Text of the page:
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Visual and Interactive Evaluation of Recommender Systems

Pavel Kordik
Sep 19, 2022

When building modern real-world artificial intelligence systems, it is increasingly important to validate that the system works correctly. This is however not an easy task. Existing tools for machine learning practitioners are bad in providing insights into how AI models work for individual groups of end users. This is particularly important in detecting and mitigating AI bias of most widespread AI models: recommender systems. We have built and open sourced RepSys a tool for interactive evaluation of recommender systems to help the machine learning community to build better models.

Here we demonstrate what you can achieve with our tool. We have selected a dataset well known to the community, but you can easily replace it by your datasets and your models.

Recommending Books (GoodReads-10k)

Most popular machine learning tools such as Jupyter notebooks offer tools for basic exploratory data analysis, model training and evaluation. Typical example is presented in this notebook.

Analysing Training Data Using RepSys

Our library projects the rating (interaction) matrix into two dimensions revealing similarities among items (columns) or users (rows).

Then you can use attributes of items to explore e.g. where clusters of older books are located in the projection. The same way you can find clusters of users that enjoy reading old books.

When you select a cluster, you can look at most frequent values of attributes or distribution of numerical values.

Using this approach, you can get a really good understanding of the item latent space and how individual clusters of items are related and separated.

Analysing Models Using RepSys

When you do not see any flaws in user-item interactions, you can proceed and build some recommendation models. Typically the dataset is divided to the train and test sets and you can observe the metrics aggregated over all test users.

As you see, on this dataset, the best performing model in terms of recall is EASE followed by KNN. It is also useful to look at other criteria as well, for example APL that states for the average percentage of long tail items recommended by model. The higher value, the better. Bestseller model (POP) is recommending just popular items, and non-personalized Random model (RAND) suggests lots of bizzare long tail items. EASE is able to offer both high recall and APL which is challenging.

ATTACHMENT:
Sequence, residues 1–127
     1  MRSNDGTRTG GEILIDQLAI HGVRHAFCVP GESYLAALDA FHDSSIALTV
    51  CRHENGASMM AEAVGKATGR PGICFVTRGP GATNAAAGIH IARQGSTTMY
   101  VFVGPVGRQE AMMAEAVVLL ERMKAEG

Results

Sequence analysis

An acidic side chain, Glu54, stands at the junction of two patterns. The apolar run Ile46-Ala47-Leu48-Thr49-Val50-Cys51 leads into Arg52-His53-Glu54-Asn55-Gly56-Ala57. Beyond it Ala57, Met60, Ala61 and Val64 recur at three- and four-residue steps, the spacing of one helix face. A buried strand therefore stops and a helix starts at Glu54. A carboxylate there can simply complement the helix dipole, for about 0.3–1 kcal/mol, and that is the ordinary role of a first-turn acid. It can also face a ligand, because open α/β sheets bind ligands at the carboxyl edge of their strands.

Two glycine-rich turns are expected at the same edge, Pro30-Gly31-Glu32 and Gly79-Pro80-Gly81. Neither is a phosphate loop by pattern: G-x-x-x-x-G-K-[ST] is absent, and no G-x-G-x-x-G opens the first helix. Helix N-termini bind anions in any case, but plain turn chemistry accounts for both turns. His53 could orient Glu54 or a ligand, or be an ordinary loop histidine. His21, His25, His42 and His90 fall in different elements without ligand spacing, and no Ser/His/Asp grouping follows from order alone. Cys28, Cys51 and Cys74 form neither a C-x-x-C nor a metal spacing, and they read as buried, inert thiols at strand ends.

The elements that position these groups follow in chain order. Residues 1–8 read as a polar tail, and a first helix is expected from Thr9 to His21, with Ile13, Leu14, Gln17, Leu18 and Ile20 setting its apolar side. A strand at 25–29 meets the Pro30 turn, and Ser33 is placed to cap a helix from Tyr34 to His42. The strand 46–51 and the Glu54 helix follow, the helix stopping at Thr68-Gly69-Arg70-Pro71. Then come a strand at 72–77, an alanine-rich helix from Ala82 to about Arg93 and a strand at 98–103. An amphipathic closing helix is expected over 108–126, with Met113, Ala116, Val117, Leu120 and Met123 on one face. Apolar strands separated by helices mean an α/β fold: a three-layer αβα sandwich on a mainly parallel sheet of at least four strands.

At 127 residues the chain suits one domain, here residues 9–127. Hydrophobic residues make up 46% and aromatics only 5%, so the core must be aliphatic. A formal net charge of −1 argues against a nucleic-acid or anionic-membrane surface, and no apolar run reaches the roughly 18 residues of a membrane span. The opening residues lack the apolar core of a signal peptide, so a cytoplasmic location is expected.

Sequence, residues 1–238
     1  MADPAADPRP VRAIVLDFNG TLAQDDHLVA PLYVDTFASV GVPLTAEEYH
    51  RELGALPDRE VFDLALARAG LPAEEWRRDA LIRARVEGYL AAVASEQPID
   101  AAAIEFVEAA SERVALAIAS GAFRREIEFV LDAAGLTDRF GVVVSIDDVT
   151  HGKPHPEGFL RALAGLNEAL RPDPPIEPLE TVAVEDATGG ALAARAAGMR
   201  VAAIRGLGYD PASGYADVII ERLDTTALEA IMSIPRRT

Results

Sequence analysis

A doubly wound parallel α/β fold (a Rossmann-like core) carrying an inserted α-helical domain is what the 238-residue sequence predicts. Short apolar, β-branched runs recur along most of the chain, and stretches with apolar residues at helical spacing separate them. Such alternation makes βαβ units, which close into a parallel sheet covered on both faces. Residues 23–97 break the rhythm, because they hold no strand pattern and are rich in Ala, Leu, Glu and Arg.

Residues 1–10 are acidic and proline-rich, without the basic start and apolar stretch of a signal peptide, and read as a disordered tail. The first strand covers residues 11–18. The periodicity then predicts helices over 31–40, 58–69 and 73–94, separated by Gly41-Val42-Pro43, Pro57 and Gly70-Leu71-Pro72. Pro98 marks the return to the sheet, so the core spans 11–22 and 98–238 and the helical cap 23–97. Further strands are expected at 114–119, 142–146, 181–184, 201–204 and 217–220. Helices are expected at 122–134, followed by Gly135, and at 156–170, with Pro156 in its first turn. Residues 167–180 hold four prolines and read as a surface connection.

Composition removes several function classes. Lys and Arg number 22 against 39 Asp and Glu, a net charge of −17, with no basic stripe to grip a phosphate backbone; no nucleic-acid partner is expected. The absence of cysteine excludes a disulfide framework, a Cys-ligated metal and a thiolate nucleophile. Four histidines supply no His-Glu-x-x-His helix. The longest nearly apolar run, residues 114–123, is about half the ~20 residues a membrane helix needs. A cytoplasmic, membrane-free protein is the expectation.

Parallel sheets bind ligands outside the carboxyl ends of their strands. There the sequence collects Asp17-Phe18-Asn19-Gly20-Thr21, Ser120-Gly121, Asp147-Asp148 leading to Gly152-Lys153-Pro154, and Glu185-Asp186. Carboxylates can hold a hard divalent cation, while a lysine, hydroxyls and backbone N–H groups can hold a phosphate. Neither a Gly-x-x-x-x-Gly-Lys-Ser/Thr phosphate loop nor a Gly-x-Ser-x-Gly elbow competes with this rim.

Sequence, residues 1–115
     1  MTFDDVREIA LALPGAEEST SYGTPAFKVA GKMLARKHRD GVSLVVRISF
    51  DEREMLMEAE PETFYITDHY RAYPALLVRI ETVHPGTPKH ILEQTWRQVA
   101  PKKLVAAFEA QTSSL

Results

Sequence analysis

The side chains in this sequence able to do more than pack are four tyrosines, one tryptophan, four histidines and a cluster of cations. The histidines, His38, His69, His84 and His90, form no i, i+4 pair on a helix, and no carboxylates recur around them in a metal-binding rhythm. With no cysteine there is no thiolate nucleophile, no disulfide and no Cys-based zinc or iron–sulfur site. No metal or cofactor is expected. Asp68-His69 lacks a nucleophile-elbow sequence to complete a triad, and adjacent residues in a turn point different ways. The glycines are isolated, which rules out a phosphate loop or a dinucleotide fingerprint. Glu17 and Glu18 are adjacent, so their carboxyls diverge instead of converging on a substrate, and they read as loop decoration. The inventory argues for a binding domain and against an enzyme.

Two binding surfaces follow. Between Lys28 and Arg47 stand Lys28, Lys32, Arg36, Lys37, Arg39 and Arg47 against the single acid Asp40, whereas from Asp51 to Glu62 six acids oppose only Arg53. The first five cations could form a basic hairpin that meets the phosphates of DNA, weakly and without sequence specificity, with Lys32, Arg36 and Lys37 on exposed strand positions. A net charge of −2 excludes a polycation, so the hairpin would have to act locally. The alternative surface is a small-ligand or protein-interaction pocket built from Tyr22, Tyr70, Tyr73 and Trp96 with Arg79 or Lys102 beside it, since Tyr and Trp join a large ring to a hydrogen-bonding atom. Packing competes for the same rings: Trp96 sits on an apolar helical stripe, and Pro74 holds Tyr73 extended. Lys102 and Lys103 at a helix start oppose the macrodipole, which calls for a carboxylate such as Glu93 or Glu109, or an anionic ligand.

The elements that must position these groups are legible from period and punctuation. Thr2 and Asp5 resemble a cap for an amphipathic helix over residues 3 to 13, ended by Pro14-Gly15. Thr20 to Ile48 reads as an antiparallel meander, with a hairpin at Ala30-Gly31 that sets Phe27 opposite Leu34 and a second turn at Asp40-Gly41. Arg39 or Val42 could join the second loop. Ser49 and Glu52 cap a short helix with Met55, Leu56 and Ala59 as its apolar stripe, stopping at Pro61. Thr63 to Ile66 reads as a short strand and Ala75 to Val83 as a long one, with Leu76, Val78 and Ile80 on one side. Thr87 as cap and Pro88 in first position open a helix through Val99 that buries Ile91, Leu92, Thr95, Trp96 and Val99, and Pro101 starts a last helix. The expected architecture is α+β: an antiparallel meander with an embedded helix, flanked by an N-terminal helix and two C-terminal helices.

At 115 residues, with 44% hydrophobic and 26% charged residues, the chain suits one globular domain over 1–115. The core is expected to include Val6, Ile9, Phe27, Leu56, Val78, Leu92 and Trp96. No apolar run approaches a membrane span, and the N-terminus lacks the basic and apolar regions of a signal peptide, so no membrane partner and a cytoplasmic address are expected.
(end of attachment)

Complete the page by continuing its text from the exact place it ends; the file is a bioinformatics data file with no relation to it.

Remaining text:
Single number such as an average or median is not enough to understand how models work for particular users and items. RepSys can visualize distribution of all metrics and relate it to specific clusters in the latent space. As the image shows, EASE can recommend particularly well to users in upper clusters (paranormal, recent fiction books), because they are better predictable.

What is even more interesting is to compare two different models (e.g. EASE and POP) and observe the relative difference.

Clearly, the Bestseller model (POP) is strongly biased towards a niche cluster of readers enjoying paranormal books. They are not popular enough to be recommended by this model. On the other hand, EASE can make these users very satisfied. In this way, you can tune hyperparameters of your models to get reasonable performance for all user groups.

For the GoodReads dataset, the optimal number of neighbors for the user based recommendation is around 50. We can investigate what will happen, if this hyperparameter is set too low (overfitted model) or too high (underfitted model). We have chosen the APL@10 metric telling us what is the percentage of long tail items in 10 most relevant items recommended by a model. Apparently, 1NN model recommends too many long-tail items to mainstream users in the center of the latent space who probably prefer more popular items. On the other hand, the 5000NN model is not capable of recommending long tail items at all. When compared to 50NN, the error (bias) of this model will be much higher on niche users in the surroundings. Note that green users have a similar proportion of long tail items recommended as by the model with K close to optimum so their recall is also good.

The error of overfitted model (1NN) is higher for almost all users — the model often recommends bizzare items to niche users and it does not recommend popular items much — harming its performance for mainstream users. Underfitted model (5000NN) correctly recommends popular content for the mainstream and the main source of its error is the bias towards niche clusters in the surroundings of the latent space.

Comparing Recommendations Using RepSys

The relative performance on a cluster of users or items is still just a number. Offline evaluation will always be biased. It is impossible to predict what would happen if a user was exposed to recommendations suggested by an evaluated model, which are not present in offline training data. For this reason, RepSys supports you in comparing recommendations of multiple models for individual users from the training set and for simulated users in the interactive mode. You can click on the suggested items and instantly observe how the recommendations change.

Explore RepSys Demo here

As you can see, after two interactions, the KNN model still recommends the bestselling Hunger Games book in the first position while EASE is able to suggest niche content that seems to be more relevant.

If you like your work, cite us, give us feedback. We are also looking for contributors to the RepSys library.

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